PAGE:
As an aside, I also think a lot can be said about a person and perhaps about the marriage’s future chance of success by the care one takes in the contract. If one partner is arguing vociferously over taking care of the other partner (or future children) in event of a break up, well, maybe think twice. Also, it can highlight potential points of fracture and discord, giving the couple a chance to discuss these things and start working them out (raising future children, for instance, or how one manages one’s finances. Priorities and values become significantly highlighted during the process of writing a contract like this). Of course, I also think clear provisions should be laid out in the event of a violation of one’s marital vows (adultery) too. Better to do it all before animosity threatens and colors one’s sense of right and wrong, then at the height of justified fury (5).

The important thing to take away here is that the purpose of a marriage contract is fair protection and care of each party, and any children. Each contract is customized to the parties involved. There is no single all-encompassing format. It’s flexible, and each household is able to choose what matters to them. In the event of adultery or other violations of one’s marriage vows, having pre-set penalties may help limit violence and unchecked vindictiveness. One could even include the option to leave in the contract in the event of XYZ. This also ensures that one places a priority on maintaining one’s tradition and clean transmission of that to one’s children. 

Please feel free to post questions or comments below. 


  1. Namely, having a trousseau, if not a dowry, helps prepare the young person for eventually setting up a functional household. See my article here
  2. My husband pointed out that one notable exception to this is Amber K’s book “Covencraft.” This book is really a must read for anyone who is running a religious group, even if we do disagree with her theology.
  3. Personally, I think the healthiest households are multi-generational and extended, but each healthy marriage is a further link in the chain of properly transmitted religious tradition and cultural norms.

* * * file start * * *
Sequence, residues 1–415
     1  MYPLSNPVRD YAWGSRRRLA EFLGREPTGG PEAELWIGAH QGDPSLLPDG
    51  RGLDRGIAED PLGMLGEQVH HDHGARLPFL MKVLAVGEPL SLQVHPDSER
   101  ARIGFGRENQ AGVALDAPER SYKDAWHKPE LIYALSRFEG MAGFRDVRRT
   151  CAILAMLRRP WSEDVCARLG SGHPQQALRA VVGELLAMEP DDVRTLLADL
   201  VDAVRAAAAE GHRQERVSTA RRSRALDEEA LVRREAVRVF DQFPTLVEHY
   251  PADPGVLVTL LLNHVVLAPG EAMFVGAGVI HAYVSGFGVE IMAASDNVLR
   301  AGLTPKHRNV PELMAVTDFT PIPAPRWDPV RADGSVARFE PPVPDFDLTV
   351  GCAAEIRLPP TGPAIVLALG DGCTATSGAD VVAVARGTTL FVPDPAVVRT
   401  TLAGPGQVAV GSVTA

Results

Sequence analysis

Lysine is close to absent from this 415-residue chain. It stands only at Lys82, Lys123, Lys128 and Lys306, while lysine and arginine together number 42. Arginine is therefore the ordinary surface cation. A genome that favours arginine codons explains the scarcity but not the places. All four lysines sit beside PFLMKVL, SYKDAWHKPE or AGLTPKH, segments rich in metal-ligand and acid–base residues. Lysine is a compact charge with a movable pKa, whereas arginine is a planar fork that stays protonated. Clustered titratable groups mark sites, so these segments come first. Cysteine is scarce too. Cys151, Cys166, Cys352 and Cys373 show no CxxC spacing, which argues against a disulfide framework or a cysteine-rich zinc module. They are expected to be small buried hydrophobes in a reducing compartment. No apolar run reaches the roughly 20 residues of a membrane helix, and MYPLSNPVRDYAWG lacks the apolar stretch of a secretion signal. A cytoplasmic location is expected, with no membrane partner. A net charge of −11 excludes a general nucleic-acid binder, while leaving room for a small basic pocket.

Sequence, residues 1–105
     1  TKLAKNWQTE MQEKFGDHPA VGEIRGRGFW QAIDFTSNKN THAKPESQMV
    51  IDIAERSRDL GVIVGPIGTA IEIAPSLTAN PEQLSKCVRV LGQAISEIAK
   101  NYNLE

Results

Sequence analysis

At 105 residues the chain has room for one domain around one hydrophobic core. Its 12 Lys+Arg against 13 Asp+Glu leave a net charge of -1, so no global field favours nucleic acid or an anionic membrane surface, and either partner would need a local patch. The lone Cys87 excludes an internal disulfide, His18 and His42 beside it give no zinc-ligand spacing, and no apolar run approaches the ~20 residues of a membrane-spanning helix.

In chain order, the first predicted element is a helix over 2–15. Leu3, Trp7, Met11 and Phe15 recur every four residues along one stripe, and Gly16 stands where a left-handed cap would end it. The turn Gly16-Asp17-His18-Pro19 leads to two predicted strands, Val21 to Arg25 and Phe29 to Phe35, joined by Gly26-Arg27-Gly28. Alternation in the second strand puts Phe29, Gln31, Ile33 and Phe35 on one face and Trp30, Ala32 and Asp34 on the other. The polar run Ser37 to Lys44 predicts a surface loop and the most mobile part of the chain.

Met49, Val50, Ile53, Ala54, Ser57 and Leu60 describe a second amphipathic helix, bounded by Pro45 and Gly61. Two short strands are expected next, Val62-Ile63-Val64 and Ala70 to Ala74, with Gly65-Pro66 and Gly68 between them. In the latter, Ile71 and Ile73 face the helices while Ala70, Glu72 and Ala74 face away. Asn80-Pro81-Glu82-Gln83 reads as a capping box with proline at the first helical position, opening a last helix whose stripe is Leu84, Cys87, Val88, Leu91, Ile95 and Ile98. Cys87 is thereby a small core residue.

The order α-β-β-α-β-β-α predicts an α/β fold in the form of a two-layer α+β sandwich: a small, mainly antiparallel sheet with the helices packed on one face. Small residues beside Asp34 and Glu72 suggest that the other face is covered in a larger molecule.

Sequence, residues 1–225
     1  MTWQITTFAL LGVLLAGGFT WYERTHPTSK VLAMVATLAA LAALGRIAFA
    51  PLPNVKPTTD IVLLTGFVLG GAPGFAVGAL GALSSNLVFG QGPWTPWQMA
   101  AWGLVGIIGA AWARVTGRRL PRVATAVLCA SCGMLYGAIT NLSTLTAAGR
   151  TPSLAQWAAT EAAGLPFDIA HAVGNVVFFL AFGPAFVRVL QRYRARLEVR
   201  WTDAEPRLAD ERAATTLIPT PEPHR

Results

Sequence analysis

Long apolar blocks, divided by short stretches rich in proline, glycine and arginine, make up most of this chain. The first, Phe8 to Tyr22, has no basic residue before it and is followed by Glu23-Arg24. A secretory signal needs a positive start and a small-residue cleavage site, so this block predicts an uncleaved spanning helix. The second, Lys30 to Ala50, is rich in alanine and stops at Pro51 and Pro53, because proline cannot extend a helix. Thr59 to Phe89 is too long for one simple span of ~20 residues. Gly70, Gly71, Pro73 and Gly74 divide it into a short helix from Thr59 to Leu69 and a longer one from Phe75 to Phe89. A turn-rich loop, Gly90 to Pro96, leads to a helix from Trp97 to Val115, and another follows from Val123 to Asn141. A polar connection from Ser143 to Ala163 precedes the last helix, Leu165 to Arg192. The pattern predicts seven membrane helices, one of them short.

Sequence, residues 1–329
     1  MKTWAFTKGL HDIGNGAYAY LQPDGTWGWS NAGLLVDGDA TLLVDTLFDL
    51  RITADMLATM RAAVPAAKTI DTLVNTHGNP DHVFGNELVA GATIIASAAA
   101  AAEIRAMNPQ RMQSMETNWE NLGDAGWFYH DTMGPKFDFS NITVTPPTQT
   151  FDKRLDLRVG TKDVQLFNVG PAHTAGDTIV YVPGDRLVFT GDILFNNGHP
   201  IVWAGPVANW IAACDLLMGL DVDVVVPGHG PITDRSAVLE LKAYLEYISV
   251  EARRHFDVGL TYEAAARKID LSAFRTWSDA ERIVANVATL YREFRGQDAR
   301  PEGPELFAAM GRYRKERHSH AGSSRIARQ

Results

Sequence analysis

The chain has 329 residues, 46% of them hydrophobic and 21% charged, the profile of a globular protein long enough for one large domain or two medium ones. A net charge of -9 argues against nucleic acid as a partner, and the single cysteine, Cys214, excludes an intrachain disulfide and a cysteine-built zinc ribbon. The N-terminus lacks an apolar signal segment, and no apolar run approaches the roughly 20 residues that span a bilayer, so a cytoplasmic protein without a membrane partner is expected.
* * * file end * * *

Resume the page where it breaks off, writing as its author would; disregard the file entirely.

4. Yes, dear, I know who you are, and I’m aware of the foul, untruthful shit that you spew. Having seen your dysfunctional relationships, and the utterly disgusting way you treat your partners, despite touting yourself as some sort of super feminist, I don’t think you have any room to talk. Kindly eat a dick. 
  5. This is, by the way, the ONLY legal document that I think should come into play with a marriage – if one has more than one spouse, work it into the contract (I don’t think polyamory is ideal, but like anything else, it can be done well or poorly, and while there is a standard norm, there are always functional exceptions to that norm). Frankly, I don’t think the government has any right at all to determine how consenting adults structure their households, so long as everyone is consenting and of legal age. Pedophiles should be burned alive. A marriage contract and later a marriage license that, in a perfect community, would be notarized at the appropriate temple are all that should be required. 

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About ganglerisgrove

Galina Krasskova has been a Heathen priest since 1995. She holds a Masters in Religious Studies (2009), a Masters in Medieval Studies (2019), has done extensive graduate work in Classics including teaching Latin, Roman History, and Greek and Roman Literature for the better part of a decade, and is currently pursuing a PhD in Theology. She is the managing editor of Walking the Worlds journal and has written over thirty books on Heathenry and Polytheism including "A Modern Guide to Heathenry" and "He is Frenzy: Collected Writings about Odin." In addition to her religious work, she is an accomplished artist who has shown all over the world and she currently runs a prayer card project available at

Posted on September 29, 2020, in community, Lived Polytheism, Misc., theology and tagged , , , , , , . Bookmark the permalink. 9 Comments.